Last night I stumbled across this machinima when I was looking for German sims in Second Life. I feel in love with Bayerische Stattsbibliothek - The Bavarian State Library instantly. The machinima was 4 years old so I was not sure Bayerische Staatsbibliothek still existed in Second Life. 
I tried to search the slurl (the address of a certain location inside virtual world Second Life) of the library and .... BINGO! I found it. I was amazed that the Bavarian State Library used their virtual representation actively. Here's the library official website with a page about their virtual representation: . 

I have heard that a number of major libraries in the world opened their virtual representation in Second Life but I didn't really spend time to learn about how they used virtual world to expand their library service. I finally got my call to learn about it after washing dishes last night. (Oh well...I do think about serious things sometimes when I do the dishes, not merely about the rising egg price.)

I landed in front of a huge teleport map in front of the virtual Bayerische Staatsbibliothek. The teleport map is especially useful for visitors who are not familiar with the physical library. They can explore the virtual building before the visit the library. 9 major parts  of the library represented in virtual world are more than enough to give first time library user a sense of direction. Those parts are Friedrich von Gärtner saal, Ausstellung, Marmorsaal, Lesesaal, Treppenhaus, Fürstensaal (my favorite room), info center, innenhof 1, and innenhof 2.
I was astonished by the reproduction of the library in Second Life which was almost true to the original. (Except the real building is much more luxurious than the one in SL - See the slideshow) Nevertheless, the virtual library can still serve the purpose that is initiated by the library, which is to provide a place for the library users to interact, communicate, learn, play, and trade knowledge virtually.

I learned that due to copyright issue, Bayerische Staatsbibliothek could not lend their books to users in virtual world. So what is a library without books, right? I am not a fan of copyright. (My publisher friends will give me a mean look when they read this) In the  future when copyright is no longer an issue, a virtual library can function like a real library. Technically it is possible to publish, lend, borrow, and read books in virtual world. For the mean time, I was satisfied with the non copyrighted books, such as historic books which were available at virtual Bayerische Staatsbibliothek. The library brought their historic books collection to virtual world and converted them into 3D book. Some books dated back in the year 1200s.  What a treasure!

I got more excited about the idea of virtual publishing after my virtual visit to this 450 years old library in Munchen. Perhaps, I should contact the librarian and ask him if I my students can display their virtual books there. That will be something.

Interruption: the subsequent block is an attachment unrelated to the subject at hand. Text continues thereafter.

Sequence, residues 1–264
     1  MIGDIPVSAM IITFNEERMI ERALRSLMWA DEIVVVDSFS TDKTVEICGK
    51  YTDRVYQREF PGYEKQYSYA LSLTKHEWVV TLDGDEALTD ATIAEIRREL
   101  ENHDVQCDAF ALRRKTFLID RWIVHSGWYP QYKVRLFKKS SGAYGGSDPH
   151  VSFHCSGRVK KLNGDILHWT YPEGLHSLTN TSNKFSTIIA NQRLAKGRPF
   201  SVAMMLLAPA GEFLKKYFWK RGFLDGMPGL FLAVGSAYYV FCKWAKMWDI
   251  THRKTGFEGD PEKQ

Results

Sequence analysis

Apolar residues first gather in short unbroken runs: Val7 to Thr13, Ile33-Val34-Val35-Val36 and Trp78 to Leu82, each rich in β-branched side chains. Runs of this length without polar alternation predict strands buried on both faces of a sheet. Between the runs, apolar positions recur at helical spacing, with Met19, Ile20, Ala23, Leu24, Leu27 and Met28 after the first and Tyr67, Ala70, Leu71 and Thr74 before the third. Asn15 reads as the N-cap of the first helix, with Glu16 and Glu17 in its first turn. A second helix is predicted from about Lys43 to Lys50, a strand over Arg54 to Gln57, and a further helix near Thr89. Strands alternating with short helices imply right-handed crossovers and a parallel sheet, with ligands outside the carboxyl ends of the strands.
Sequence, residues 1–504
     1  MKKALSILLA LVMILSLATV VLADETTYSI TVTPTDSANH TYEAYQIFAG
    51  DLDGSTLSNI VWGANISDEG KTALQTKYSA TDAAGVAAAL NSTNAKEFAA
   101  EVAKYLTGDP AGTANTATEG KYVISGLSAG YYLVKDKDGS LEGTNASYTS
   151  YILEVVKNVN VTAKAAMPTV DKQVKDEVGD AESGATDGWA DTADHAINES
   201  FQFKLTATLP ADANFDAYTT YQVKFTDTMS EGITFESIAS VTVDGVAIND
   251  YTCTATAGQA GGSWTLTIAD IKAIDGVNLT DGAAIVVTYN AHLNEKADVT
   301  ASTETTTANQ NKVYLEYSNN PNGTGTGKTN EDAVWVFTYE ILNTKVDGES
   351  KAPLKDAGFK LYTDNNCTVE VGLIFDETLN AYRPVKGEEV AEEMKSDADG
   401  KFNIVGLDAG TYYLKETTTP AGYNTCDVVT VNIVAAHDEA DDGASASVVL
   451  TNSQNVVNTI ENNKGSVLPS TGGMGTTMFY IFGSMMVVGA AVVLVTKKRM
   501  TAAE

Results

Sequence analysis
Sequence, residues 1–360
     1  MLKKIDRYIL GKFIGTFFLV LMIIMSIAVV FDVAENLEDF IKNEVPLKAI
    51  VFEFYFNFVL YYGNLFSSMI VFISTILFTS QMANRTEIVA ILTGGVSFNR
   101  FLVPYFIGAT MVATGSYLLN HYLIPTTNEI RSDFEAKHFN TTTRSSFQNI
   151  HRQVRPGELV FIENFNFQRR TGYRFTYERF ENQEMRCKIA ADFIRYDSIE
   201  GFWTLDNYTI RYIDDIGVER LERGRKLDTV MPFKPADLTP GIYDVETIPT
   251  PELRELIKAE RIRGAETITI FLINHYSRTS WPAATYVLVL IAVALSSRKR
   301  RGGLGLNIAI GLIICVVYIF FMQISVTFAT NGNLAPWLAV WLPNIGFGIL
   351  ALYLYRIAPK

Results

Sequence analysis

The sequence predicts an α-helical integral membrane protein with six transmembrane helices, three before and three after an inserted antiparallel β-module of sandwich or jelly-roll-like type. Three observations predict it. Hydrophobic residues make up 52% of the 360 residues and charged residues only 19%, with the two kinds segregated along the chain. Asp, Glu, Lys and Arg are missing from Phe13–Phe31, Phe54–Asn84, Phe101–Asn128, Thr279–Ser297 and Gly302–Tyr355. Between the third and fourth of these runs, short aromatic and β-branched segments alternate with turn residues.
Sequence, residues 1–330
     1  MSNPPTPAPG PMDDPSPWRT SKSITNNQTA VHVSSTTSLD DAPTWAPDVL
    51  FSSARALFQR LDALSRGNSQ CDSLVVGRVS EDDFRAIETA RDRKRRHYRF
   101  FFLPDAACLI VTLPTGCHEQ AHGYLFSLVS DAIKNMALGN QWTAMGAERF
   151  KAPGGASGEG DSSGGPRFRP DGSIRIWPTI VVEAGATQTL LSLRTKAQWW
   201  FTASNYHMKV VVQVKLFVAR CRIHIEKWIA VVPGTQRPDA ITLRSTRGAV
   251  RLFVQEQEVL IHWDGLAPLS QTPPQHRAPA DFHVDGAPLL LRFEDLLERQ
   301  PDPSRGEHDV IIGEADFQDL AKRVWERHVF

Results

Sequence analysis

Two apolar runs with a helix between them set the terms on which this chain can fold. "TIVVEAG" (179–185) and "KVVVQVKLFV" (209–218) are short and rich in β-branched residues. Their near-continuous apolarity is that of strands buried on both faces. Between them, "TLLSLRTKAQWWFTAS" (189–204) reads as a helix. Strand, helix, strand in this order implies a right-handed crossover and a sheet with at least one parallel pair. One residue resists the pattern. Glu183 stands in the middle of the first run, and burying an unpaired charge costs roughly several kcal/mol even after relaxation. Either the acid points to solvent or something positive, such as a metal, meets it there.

I am glad I could spend some time to explore a part of the first Chinese emperor's mausoleum in Second Life (SL) this morning before I got stuck in my morning ritual. It was totally amazing. When I teleported to the site,  I felt like I experienced what John Man wrote on his book "The Terra Cotta Army: China's First Emperor and the Birth of a Nation." (Oh well...almost. lol)

John Man started his journey from Xian, the place where the terracotta army was found and I started my journey right in front of a dark cave with a narrow opening in SL. There was a huge mound near the cave that I assumed was the Qin emperor's tomb.

The cave tunnel was dark and creepy. At the end of the tunnel, there were three pits with terracotta armies in them. I read the book and it was said that initially there were four pits in the location but one pit was not filled by the time the construction ceased. According to the book, there were more than 8000 terracotta warriors uncovered from the ground. I was sure the number of warriors at the burial site in SL was not that many. I could find many horses in the pits but no chariots as described in the book. 

One might ask this about this virtual replica of the terracotta army: How can we even learn if the replica of real historic place in virtual world is not accurate? Funny enough, I learned a lot from the inaccuracy of terracotta army in SL. It motivated me to read John Man's book to find the claws in the replica. I kept the book for a while because I found description after description in the book confusing. With no pictures at all in the book, except maps, I couldn't relate myself to the first emperor of China through what he had left behind. 

Honestly, because the replica of the terracotta army I visited in SL was not very accurate, I didn't feel like I visited just another tourism spot in China with crowds everywhere. The solemnness of the terracotta army burial site in SL helped me imagine the towering personalities of the first emperor of China, Qin Shi Huang, who combined leadership, vision and, RUTHLESSNESS.

Hey, did I tell you that I could walk through the pits and be among the earthen warriors? I must say you will not come this close to the warriors even if you can afford to go to Xian, unless you are Queen Elizabeth II of course.  And you cannot possibly keep a set of terracotta army for your class in real life but in virtual world, you can have the virtual version of them for just 1700 L$ (7 US$ / 65.000 rupiah) Happy exploring!